It's not so often that the White House puts out a long statement from the president, but today was an exception: Senate Banking Chairman Chris Dodd released his long-awaited financial reform bill, and the president weighed in with a pledge of support e-mailed out by the White House press office.

Obama pledged to be involved in the legislative process--a seeming departure from the hands-off-Congress approach he took to health care: "As the bill moves forward, I will take every opportunity to work with Chairman Dodd and his colleagues to strengthen the bill and will fight against efforts to weaken it," Obama said.

And he voiced strong support for the Consumer Financial Protection Agency included in the bill. That provision is considered the most likely casualty to political opposition, but Obama was adamant that he doesn't want it watered down or stripped, pledging that he "will not accept attempts to undermine the independence of the consumer protection agency, or to exclude from its purview banks, credit card companies or nonbank firms such as debt collectors, credit bureaus, payday lenders or auto dealers."

Here's the full statement:

It has now been well over a year since the near collapse of the financial sector, and yet today the same failed system that brought on this crisis remains in place.  The financial crisis has resulted in more than 8 million American workers losing their jobs, trillions in household wealth being wiped out and hundreds of thousands of small businesses without the credit they need to grow.  We cannot wait any longer for real financial reform that brings accountability to the financial system and makes sure that the American taxpayer is never again asked to bail out the irresponsibility of our largest banks and financial institutions.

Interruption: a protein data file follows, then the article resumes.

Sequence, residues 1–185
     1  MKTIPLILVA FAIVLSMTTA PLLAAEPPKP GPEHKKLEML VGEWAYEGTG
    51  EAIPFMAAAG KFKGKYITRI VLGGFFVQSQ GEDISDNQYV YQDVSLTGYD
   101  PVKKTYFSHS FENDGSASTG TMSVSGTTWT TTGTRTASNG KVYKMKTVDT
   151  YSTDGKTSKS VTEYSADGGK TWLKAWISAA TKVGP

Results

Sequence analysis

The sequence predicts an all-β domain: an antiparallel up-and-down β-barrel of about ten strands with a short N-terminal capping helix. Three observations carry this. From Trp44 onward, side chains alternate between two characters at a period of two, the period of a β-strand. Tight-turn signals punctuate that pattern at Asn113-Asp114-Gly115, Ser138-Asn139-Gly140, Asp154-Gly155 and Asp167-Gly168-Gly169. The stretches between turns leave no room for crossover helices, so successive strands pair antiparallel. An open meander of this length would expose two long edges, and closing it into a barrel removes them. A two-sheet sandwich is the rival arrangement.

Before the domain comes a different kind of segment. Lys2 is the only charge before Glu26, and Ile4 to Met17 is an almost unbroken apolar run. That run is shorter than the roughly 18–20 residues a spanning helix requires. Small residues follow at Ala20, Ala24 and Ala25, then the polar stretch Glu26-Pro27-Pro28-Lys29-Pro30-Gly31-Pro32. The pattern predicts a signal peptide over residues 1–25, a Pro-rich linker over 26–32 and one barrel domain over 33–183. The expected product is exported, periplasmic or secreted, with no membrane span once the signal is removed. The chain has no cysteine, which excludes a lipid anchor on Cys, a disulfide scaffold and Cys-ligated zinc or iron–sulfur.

This proposal provides a strong foundation to build a safer financial system.  It creates a new consumer financial protection agency to set and enforce clear rules of the road and establishes stronger supervision for the largest financial firms under the Federal Reserve.  It brings transparency and oversight to derivatives and other financial markets that were central to the crisis and separates banking from proprietary trading and hedge funds. The proposal will also provide the government with essential tools to respond in a financial crisis, so that we can wind down and liquidate a large, interconnected failing financial firm.  It allows us to protect the economy and taxpayers so that we can end the belief that any firm is "Too Big to Fail".

As the bill moves forward, I will take every opportunity to work with Chairman Dodd and his colleagues to strengthen the bill and will fight against efforts to weaken it.

American families deserve a strong, independent consumer financial protection agency that is accountable for setting and enforcing clear rules across the financial marketplace.  And I will not accept attempts to undermine the independence of the consumer protection agency, or to exclude from its purview banks, credit card companies or nonbank firms such as debt collectors, credit bureaus, payday lenders or auto dealers.

I will oppose any loopholes that could harm consumers or investors, or that allow institutions to avoid oversight that is important to financial stability.

We need to ensure the ultimate bill provides strong, clear authority for setting and enforcing rules, limiting excessive risk taking in the financial system, and winding down the largest financial firms when necessary in a way that does not cause a financial panic.  All derivatives must be regulated and shareholders should have a say not just on pay but also other compensation that rewards risk taking.  We will stand firm against any attempt by the financial sector to avoid their responsibilities: in any future crisis the big financial companies must pay, not taxpayers.

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